• For long-term use the breathing tube may be placed into an opening made in your throat (tracheotomy).
• With a BiPap mask, some of the air may go into your stomach and cause gas pain. Wearing a mask, it may be difficult to talk or eat.
What if I do not want a ventilator or BiPap?
If you are not able to breathe on your own or with a breathing machine, you will die naturally. You can be kept comfortable.
What is kidney dialysis?
Dialysis is a treatment that does the work of the kidneys by filtering the blood. There are 2 types of dialysis:
• Hemodialysis removes fluids and wastes from the blood using a filter. Blood flows from your body to the dialysis machine then through a special filter, called a dialyzer or an artificial kidney, and back to your body again. As blood goes through the dialyzer, fluid and wastes are taken out.
• Peritoneal dialysis (PD) is a treatment for kidney failure that uses the body’s own peritoneal membrane in the belly as a filter. PD is done about four times every day at the normal breaks in the day: morning, noon, evening, and bedtime.
What happens if I choose not to have dialysis?
All patients have the right to decide not to start dialysis. If you started dialysis, you have the right to stop. Choosing no treatment or stopping dialysis will cause a natural death within a few days to a few weeks. You also have the right to start dialysis again if you change your mind.
What is artificial feeding and artificial hydration?
Artificial feeding (feeding tube) or artificial hydration are used to support your body if you can no longer take in food or fluids by mouth. Some types of tubes used include:
• An NG tube (nasogastric) can be placed through the nose and into the stomach. It sends formula and water directly to the stomach.
• A G tube (gastrostomy) or PEG tube (percutaneous endoscopic gastrostomy) can be placed through a small hole in the belly. It sends formula and water directly into the stomach.
• An IV line (intravenous) line is placed into a vein. It sends nutrition and fluids directly into the blood vessels. Possible concerns about artificial feeding Risks can include bleeding or infection at the tube site and problems with the tube. Inhaling the formula by accident can cause pneumonia, a life-threatening problem. A swollen belly, belly discomfort, and diarrhea can be burdens of tube feedings.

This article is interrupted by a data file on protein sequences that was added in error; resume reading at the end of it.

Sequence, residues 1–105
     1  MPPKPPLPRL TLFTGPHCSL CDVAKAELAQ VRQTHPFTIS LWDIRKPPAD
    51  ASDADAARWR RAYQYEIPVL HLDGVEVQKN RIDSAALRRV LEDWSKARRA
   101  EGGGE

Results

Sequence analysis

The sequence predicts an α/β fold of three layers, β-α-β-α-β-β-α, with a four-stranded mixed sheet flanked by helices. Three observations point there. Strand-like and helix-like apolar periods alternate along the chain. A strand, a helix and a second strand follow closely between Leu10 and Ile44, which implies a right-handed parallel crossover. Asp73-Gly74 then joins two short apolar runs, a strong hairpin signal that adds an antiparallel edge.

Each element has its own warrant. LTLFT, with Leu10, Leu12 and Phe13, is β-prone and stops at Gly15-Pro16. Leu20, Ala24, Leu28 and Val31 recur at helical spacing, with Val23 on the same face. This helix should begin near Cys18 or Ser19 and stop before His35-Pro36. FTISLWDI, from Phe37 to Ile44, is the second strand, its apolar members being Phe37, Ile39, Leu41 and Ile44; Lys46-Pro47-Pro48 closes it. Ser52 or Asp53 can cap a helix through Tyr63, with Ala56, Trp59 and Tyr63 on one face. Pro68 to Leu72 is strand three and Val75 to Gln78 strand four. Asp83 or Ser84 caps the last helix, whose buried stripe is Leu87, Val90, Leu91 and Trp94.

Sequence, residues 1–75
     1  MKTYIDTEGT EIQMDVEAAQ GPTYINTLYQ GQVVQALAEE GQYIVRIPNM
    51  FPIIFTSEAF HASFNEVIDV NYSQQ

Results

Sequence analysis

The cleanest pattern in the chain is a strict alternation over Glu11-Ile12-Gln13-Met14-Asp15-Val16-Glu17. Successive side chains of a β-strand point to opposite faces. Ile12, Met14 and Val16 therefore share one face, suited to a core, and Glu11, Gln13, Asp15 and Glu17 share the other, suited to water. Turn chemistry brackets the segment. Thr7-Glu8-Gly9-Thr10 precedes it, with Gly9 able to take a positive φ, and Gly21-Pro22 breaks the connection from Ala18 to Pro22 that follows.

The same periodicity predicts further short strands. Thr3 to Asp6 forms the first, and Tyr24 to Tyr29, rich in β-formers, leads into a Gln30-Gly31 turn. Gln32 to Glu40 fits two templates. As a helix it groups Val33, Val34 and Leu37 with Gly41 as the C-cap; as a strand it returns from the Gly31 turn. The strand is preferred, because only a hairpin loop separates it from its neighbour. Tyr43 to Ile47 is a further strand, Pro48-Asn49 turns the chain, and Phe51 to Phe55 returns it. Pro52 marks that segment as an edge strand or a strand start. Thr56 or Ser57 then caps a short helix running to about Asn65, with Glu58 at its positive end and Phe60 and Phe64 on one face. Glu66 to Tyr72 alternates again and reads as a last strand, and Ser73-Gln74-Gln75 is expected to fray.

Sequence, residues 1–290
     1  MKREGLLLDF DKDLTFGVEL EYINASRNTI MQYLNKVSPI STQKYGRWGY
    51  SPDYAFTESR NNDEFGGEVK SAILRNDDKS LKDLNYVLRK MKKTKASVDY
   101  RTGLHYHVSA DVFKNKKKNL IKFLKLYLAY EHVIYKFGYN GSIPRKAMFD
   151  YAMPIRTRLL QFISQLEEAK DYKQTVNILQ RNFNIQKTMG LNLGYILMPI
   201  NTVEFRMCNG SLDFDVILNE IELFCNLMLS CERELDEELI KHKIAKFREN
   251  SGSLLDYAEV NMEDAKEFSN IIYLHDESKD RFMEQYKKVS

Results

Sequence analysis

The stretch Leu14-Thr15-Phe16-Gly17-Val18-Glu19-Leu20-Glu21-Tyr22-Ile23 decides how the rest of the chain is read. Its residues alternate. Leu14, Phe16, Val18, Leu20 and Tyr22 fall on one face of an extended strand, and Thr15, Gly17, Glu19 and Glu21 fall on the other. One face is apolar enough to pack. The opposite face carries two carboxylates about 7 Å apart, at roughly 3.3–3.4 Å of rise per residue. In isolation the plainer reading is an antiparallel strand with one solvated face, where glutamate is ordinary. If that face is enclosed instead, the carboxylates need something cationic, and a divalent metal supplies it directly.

What happens if I choose to have artificial feeding?
Artificial feedings may help you feel better and improve your quality of life for a time. If you are near the end of your life, it may be hard to tolerate the problems that can occur with the treatment.
What happens if I choose not to have artificial feeding?
If you cannot take in any food by mouth and choose not to have artificial feeding, your body will slowly shut down. Death will likely occur within a few days or weeks. You may find it reassuring to know that most patients near the end of life do not typically feel hunger or thirst.
What are possible concerns about artificial hydration?
Artificial hydration can cause too much fluid to build up in the body. This can cause uncomfortable swelling in the arms, legs, and belly. Fluid can also build up in the lungs, which can cause trouble breathing and shortness of breath. Risks also include bleeding and infection at the tube site.
What happens if I choose to have artificial hydration?
Artificial hydration will help your body function. This may increase comfort and improve quality of life for a time. If you are near the end of your life, you may find it hard to tolerate the problems that can occur with this treatment.
What happens if I choose not to have artificial hydration?
Without enough fluids, the body will slowly shut down. Death will occur within a few days or weeks. You may find it reassuring to know that dehydration is a natural part of the dying process. Most patients near the end of life do not feel thirst. In the last days of life, dehydration may help trigger the release of chemicals in the brain that can leave you with a sense of calm and well-being. This may help you pass your final hours in greater comfort.
What is an implantable cardiac device and why would it be deactivated?
Implanted cardiac defibrillators (ICD) or left ventricular assistive devices (LVAD) can be used to support your heart function. There may come a time when you wish to deactivate these devices and have a natural death. It will help to talk to your doctor about this ahead of time and have a plan in place.
Can you tell me more about antibiotics at the end of life?
Sometimes death occurs as a result of an infection rather than a medical problem such as cancer or heart disease. Some examples of serious infections are pneumonia and sepsis. You can decide to treat infections or not depending on your wishes and long-term health outcome. Antibiotics are medicines used to treat infections caused by bacteria. Other medicines can be used to treat viruses or fungal infections. These medicines would be given through an IV.